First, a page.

KiCAD Best Practices: Library Management

One common complaint we hear from most new KiCAD users relates to schematic and footprint libraries. The trick is to use just one schematic symbol and footprint library each with your project. This way any changes to the default schematic libraries will not affect your project and it will be easy to share your project with others without breaking it. I’ve spent some time refining this technique and I’ll walk you through the process in this article.

We have covered KiCAD (as well as other) Electronic Design Automation (EDA) tools several times in the past. [Brian Benchoff] did a whole series on building a project from start to finish using all the various EDA packages he could lay his hands on. No CAD or EDA software is perfect, and a user has to learn to get to grips with the idiosyncrasies of whichever program they decide to use. This usually leads to a lot of cussing and hair pulling during the initial stages when one can’t figure out “How the hell do I do that?”, especially from new converts who are used to doing things differently.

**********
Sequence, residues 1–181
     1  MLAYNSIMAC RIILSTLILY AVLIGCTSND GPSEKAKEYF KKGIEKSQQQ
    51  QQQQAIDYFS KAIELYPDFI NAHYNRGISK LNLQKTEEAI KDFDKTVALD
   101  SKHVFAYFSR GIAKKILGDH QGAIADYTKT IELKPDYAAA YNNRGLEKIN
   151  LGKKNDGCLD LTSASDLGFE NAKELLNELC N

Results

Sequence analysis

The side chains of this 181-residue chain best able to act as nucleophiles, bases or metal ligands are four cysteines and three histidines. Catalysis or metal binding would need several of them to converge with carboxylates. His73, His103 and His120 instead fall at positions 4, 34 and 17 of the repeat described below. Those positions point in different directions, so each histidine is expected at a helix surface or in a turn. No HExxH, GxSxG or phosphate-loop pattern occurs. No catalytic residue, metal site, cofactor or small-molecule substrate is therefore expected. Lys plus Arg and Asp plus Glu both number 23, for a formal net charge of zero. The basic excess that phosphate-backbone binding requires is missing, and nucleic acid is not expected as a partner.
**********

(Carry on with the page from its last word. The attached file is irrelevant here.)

Read on to learn the best practices to use when using KiCAD and its library management.

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Creating A PCB In Everything: Upverter

For the last five months, I’ve been writing a series of posts describing how to build a PCB in every piece of software out there. Every post in this series takes a reference schematic and board, and recreates all the elements in a completely new PCB tool.